Week #4

Midterm ideas

Midterm team: Matthew Lau & I.

At first we discussed all sensors we got to know in class, and went over some additional ones we might enjoy working with. I remembered seeing a conductive string in one of the labs' videos — we thought it could make for an interesting interaction.

So we came up with a few raw ideas:

  1. Making a grid, either of LEDs or push buttons, or electro magnets — anything that can have an on or off state. We thought it might be interesting to create an interaction out of turning cells of the grid to be either on or off, not unlike cellular automata type of thing.
  2. Making a ouija board — that operates on electromagnets in such a way that the magnets direct the person to different locations on the board and to create some hidden message.
  3. Spider web / connect the dot — a literal string instrument that is made out of a board with electromagnets and nails on it. People can connect the "dots" using conductive string and effectively close a circuit and turn on or off each dot. Each dot (magnet!), when turned on (connected!), will produce a different sound, so that when a few of them are connected it'll create a more complex sound. We thought it could be nice to have three strings in different colors and a bunch of idle anchor points on the board that will allow people to create interesting visuals.
Sketches for the Connect the Dot idea

Both Matthew and I feel that the latter is the direction to which we'd like to go with this project. It incorporates fun interactivity as well as a technical aspect we'd like to explore further, and it could also work well with the Halloween theme if we go with a spiderweb design. We thought about maybe hanging it diagonally on some corner close to the ceiling or the floor.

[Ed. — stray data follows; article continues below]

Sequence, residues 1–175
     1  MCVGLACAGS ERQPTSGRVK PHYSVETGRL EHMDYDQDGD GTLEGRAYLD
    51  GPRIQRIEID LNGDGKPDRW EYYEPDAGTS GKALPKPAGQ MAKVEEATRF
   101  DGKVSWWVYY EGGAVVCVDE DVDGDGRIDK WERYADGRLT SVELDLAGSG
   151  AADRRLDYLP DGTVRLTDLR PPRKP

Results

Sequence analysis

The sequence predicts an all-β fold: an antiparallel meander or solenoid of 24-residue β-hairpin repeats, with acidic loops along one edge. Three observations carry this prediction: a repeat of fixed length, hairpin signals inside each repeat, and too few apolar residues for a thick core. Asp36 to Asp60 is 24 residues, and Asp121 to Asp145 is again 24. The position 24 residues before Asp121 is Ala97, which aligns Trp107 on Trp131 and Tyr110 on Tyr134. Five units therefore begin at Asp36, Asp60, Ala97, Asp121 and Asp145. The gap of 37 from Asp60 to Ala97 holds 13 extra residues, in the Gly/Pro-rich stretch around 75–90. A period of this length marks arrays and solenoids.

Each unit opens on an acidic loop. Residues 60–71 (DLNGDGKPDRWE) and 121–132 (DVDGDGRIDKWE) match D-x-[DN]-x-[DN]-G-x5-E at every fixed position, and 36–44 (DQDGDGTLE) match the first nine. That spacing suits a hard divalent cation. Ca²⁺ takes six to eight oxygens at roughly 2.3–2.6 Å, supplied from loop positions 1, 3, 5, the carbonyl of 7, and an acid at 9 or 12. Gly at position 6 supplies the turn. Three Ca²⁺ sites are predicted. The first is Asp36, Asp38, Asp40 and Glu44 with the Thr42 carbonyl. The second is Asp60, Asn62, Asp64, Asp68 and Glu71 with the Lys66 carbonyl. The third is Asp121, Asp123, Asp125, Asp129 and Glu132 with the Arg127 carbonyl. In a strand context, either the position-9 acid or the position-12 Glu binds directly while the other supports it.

Technical Specs

We're going to need the following:

  1. A microcontroller
  2. Conductive Rubber Cord (two or three)
  3. Electro magnets. We'll either build or buy them, and we'll need 8-12 of them.
  4. Speakers. We could use the ones from our kits and amplify them but considering building one!
  5. Wooden board (around 12" rectangular board we'll probably cut into a circle).
  6. Nails and screws

We do have a few open technical questions though:

  1. Do electromagnets offset the resistance of conductive string? If so, how might we address that?
  2. Can we make our own electromagnets?
  3. Can we make our own speakers? Can we perhaps turn this whole thing into a speaker?!
  4. Can we somehow paint the conductive strings?
  5. How unpredictable could electromagnets be? Do they have a range in which they operate? Are they stable enough for our purpose?
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Jasmine Nackash is a multidisciplinary designer and developer intereseted in creating unique and innovative experiences.